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Re: Thou Shalt Not Climb!
David Marjanovic (email@example.com) wrote:
<It isn't. It's just that in the absence of such adaptations we have no
evidence that it ever _was_ in the trees.>
Not just that, but the implied agreement that there were no Solnhofen trees,
thus it couldn't climb them. Been through this. Climbing does not require
<But they clearly didn't evolve _for_ climbing. They are ordinary theropod
finger claws, a _retention_, not an adaptation that evolved in *Archaeopteryx*.
Archie simply lacked selective pressure that would have led to the _loss_ of
Actually, they could have evolved for climbing and the selective pressure
lost for Archie, but it retained the curved "talons" in a tree-less
environment, scampering up rock faces and the like as an extension of this
ancient behavior adapted to environment.
There IS a selective pressure in keeping such unguals; Archie could have
developed them in its own time from more terrestrial ancestors, simply by
choosing a choice of prey that required more dextrous grasping or rock-climbing
skills to aquire. There is an implication in the works of some, as I see it,
that tends to mark Archie as a throwback based on the whole of avian evolution
or the dinosaur to bird shift in biology, but this looks at Archie in too small
of a focus to address the particulars. There are, as it were, multiple
three-dimensional puzzles to which Archie's a part of which would not
ordinarily come together were it not for it.
<So do *Gigantoraptor* and *Allosaurus*.>
Curvaceousness of the claws compared to size? No. *Allosaurus* is a grasping
animal, and the fact that it's manual unguals are more highly curved than those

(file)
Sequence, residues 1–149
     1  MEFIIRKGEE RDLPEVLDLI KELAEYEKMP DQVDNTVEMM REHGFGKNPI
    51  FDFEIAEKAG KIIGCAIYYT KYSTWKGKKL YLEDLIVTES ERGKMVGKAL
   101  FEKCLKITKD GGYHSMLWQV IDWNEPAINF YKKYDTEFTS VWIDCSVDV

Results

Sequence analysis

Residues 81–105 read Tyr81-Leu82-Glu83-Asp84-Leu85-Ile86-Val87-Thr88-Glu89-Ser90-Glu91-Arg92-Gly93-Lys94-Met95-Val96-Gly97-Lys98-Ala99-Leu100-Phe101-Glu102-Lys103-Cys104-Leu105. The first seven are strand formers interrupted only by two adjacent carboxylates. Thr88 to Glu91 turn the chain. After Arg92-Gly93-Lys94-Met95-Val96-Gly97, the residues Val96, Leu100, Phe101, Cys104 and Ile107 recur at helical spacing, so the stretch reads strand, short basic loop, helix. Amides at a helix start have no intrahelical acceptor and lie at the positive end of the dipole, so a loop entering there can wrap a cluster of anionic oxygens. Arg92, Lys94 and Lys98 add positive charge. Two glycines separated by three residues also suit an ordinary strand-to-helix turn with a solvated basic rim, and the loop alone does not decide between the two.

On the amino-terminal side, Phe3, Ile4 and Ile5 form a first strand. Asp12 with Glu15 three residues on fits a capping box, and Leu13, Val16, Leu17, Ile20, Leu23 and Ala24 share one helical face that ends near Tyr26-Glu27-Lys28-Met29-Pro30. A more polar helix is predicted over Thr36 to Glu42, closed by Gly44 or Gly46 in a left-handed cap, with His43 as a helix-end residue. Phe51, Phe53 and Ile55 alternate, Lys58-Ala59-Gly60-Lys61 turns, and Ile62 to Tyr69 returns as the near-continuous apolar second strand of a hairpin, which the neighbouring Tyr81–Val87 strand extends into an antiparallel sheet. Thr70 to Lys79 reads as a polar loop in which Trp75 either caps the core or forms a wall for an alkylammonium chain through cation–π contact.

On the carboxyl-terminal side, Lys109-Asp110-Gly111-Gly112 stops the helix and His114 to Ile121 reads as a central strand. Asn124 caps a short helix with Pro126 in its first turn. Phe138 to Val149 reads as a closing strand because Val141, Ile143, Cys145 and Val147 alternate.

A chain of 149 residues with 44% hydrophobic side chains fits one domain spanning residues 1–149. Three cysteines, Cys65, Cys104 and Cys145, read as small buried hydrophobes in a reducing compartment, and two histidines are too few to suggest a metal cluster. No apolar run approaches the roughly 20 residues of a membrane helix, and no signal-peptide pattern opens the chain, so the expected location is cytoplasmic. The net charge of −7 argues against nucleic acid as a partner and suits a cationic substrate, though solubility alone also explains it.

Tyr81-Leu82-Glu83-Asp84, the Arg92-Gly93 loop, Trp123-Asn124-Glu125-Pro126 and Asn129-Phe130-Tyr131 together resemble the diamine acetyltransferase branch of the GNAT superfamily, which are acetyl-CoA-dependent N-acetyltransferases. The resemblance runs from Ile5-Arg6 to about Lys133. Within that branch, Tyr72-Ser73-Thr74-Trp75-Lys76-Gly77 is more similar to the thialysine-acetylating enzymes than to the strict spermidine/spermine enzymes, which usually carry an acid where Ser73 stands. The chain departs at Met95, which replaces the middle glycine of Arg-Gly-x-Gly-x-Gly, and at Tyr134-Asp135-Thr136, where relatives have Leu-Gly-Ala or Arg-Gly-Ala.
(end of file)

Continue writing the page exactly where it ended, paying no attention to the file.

of *Gigantoraptor* tell you something, in which that the latter is not so
active in aquiring living prey or dealing with grasping objects with its manus.
Not so, it seems, *Archaeopteryx*, retaining high degrees of curvature and size
of unguals to limbs in both sets, far more than closely-sized dromaeosaurs like
*Microraptor*. One must also note that Archie possesses highly recurved unguals
not just in the manus but in the pes, as well, which is absent in even the
small "arboreal" dromaeosaurs, but which its features indicating it was
grasping _something_ with its feet.
Yalden has concluded that the pes of Archie is not suited for perching, but
this is a nobrainer, given that few perchers lack a reversed hallux, and those
that don't have one don't sleep perching (say, swifts -- which I understand
have a reversible one, but not fixed). However, Archie retains a degree of
curvature far and above its "ancestral" form in dromaeosaurs, and this is
hardly evidence of a retentive feature, but evidence for a derived morphology.
The putative ancestor to Archie that derived from dromie stock as given in
Paul's hypothesis has yet to be found, though hypothetical, but to keep Archie
as a remnant of a morphology, it would need to be MORE avian than either Archie
OR dromies. At least in the foot.
<Sure. But the increased range of motion is still pathetic by comparison to
extant climbing animals.>
Pershaps, but increased motion is increased motion, and this level of
flexibility is curious. Not all climbing animals are so adapted for it than
"true climbing animals" are.
Jaime A. Headden
"Innocent, unbiased observation is a myth." --- P.B. Medawar (1969)
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